Human rights activists are sounding the alarm in Burma, where the military junta has executed four men imprisoned for their pro-democracy activism and opposing last year’s coup. It is the first series of reported executions in Burma in three decades. We speak to exiled Burmese dissident and human rights activist Maung Zarni, who says the international community should hold the Burmese regime accountable for its humanitarian crimes, especially in light of the overwhelming response to the Russian war in Ukraine. “This is a regime that has committed every single grave crime in international law that has ever been established and coded in the law books,” says Zarni.
This is a rush transcript. Copy may not be in its final form.
AMY GOODMAN: This is Democracy Now!, democracynow.org, The War and Peace Report. I’m Amy Goodman, with Juan González.
We turn now to Burma, where there is growing outrage after the military junta executed four men Saturday who had been jailed for opposing last year’s military coup. In Burma’s largest city, Rangoon, protesters marched down the streets with a banner reading “We will never be frightened” and called out the names of the executed activists.
PROTESTERS: Aung Zaw! Hla Myo Aung! Aung Zaw! Hla Myo Aung! [chanting in Burmese]
AMY GOODMAN: The execution of the four pro-democracy activists, who were sentenced to death in secretive trials, marks the first executions in Burma in over 30 years. Kyaw Min Yu was the prominent pro-democracy activist also known as Ko Jimmy. He was a student leader in the 1988 uprising, spent many years as a political prisoner. Also executed was Phyo Zeya Thaw, a former rapper who was a founding member of Generation Wave, an anti-military youth-led movement, and became a lawmaker in Aung San Suu Kyi’s party, the National League for Democracy. The two other men executed Saturday were were Hla Myo Aung and Aung Thura Zaw. The Assistance Association of Political Prisoners says they were involved in the resistance protest movement since the 2021 coup, like many other Burmese.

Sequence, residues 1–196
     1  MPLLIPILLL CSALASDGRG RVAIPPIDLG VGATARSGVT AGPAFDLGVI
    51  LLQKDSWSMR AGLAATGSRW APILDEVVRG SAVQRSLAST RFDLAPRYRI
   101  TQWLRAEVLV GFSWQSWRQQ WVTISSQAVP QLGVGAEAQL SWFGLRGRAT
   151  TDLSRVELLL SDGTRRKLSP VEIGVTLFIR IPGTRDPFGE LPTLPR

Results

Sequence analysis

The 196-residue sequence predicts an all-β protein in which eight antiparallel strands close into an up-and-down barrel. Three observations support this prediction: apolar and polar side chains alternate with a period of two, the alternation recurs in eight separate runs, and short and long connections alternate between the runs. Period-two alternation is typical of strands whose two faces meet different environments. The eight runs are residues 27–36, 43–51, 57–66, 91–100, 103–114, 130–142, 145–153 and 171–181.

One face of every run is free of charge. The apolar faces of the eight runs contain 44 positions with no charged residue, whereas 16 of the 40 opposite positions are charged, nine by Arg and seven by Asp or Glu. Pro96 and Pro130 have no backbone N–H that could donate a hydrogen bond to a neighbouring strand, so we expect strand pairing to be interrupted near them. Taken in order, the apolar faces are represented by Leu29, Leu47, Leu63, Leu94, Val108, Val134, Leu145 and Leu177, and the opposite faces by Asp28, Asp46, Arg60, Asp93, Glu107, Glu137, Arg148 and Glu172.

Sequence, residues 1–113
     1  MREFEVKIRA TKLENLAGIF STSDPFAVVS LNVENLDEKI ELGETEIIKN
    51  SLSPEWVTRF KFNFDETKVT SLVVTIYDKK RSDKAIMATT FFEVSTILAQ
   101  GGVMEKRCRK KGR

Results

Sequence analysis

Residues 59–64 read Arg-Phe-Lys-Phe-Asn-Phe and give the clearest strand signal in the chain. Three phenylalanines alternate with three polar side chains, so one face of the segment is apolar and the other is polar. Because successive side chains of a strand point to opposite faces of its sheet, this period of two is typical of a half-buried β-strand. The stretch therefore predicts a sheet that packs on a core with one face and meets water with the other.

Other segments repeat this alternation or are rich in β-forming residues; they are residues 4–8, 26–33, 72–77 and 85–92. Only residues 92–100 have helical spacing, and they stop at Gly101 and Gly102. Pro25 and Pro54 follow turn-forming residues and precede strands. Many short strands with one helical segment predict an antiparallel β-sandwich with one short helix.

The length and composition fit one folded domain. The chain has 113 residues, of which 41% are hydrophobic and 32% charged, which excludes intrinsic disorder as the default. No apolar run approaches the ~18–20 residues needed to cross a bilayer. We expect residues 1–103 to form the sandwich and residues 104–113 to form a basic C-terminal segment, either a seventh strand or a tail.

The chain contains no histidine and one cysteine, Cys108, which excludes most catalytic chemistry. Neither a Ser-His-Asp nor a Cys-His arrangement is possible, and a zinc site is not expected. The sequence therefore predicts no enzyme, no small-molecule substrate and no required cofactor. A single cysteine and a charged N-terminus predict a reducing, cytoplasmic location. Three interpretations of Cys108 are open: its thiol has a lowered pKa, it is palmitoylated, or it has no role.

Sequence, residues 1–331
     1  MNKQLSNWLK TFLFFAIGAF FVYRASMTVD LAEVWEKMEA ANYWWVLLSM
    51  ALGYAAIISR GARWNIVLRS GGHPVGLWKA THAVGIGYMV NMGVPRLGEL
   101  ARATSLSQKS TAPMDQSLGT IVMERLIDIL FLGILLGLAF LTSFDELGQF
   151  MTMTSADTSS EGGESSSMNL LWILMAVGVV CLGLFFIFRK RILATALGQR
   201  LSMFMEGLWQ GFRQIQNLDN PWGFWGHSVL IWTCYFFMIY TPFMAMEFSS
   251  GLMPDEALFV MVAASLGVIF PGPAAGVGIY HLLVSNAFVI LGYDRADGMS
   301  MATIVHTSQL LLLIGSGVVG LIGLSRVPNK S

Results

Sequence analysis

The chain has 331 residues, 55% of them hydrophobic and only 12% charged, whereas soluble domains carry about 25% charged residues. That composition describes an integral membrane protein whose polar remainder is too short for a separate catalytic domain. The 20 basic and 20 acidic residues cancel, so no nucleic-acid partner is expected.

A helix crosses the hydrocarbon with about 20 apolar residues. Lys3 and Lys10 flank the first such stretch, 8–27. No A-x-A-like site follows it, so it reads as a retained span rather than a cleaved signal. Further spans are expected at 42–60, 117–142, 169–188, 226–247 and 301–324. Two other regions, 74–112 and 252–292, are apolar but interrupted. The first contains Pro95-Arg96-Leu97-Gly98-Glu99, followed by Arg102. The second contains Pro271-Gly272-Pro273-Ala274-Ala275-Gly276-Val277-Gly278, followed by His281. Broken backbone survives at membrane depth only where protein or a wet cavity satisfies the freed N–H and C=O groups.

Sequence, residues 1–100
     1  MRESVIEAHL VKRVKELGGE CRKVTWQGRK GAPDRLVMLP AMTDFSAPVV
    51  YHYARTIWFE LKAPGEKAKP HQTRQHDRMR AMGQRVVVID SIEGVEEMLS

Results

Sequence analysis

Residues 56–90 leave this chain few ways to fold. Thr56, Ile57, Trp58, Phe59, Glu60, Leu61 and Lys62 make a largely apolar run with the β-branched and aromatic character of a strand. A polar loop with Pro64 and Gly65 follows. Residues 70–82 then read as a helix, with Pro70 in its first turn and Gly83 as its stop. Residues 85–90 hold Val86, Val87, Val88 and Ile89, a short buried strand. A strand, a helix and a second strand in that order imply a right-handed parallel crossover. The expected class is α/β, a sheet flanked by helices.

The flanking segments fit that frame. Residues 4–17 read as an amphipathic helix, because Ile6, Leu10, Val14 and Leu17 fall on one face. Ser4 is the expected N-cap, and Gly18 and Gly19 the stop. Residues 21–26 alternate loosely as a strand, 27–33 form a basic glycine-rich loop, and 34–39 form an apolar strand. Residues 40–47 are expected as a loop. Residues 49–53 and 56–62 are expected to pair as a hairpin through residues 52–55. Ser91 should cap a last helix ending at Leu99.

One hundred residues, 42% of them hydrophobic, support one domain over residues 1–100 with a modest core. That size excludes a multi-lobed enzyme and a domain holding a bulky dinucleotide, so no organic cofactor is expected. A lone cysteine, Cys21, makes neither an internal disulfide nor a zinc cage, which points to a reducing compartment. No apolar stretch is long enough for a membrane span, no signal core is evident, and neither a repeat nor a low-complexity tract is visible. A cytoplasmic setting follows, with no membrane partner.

On Monday, the U.S. State Department spokesperson Ned Price responded to the executions.
NED PRICE: We underscore that with the escalating violence with these horrific atrocities that the junta has carried out, there can be no business as usual with this regime. We urge all countries to ban the sale of military equipment to Burma, to refrain from lending the regime any degree of international credibility. And we call on ASEAN to maintain its important precedent only allowing Burmese nonpolitical representation at regional events.
AMY GOODMAN: For more, we go to London to speak with Maung Zarni, exiled Burmese scholar, dissident and human rights activist, co-founder of the Forces of Renewal for Southeast Asia, or FORSEA.
Welcome back to Democracy Now!, Zarni. Our condolences to you and so many who knew one or more of the four people executed Saturday. Can you tell us who they were? And were you shocked by this act, the first time — the first execution of political prisoners in, what, some 30 years in Burma?
MAUNG ZARNI: Thank you, Amy.
You know, two of the executed, I met them, and I consider them my younger comrades. You know, Jimmy, or Kyaw Min Yu, had been involved since 1988, when he was only 19 years old. And Zeya Thaw is in his mid-forties and a well-known hip-hop artist and a committed supporter of Aung San Suu Kyi’s leadership. And although we had differences of opinion about her leadership or NLD, but nonetheless, you know, I felt the pain.
Also, the other two were younger-generation comrade brothers. They were accused of killing someone who was credibly accused of being a informer for the military.
So, these are, you know, the four dissidents that were barbarically executed on Saturday. The families have not been given any indication in what manners they were executed, or, you know, not their — if they were cremated, not the ashes, right? So, the military is very afraid of these four becoming martyrs for the resistance and inspire new wave of resisters.
Was I shocked? No, not at all. You know, I think that, of course, like, these four young, or not so young, dissidents were executed, and so they had personal stories that we knew. So, it piqued the interest of the media and others. So, we are looking at, essentially, the genocidal regime, that is credibly accused of and that is facing a genocide case at the International Court of Justice. And so, just last Friday, as you know, the ICJ, the United Nations’ principal judicial organ, has ruled that the genocide case filed by Gambia against the state of Myanmar will proceed. And so, this is a regime that has committed every single grave crime in international law that has ever been established and coded in the law books.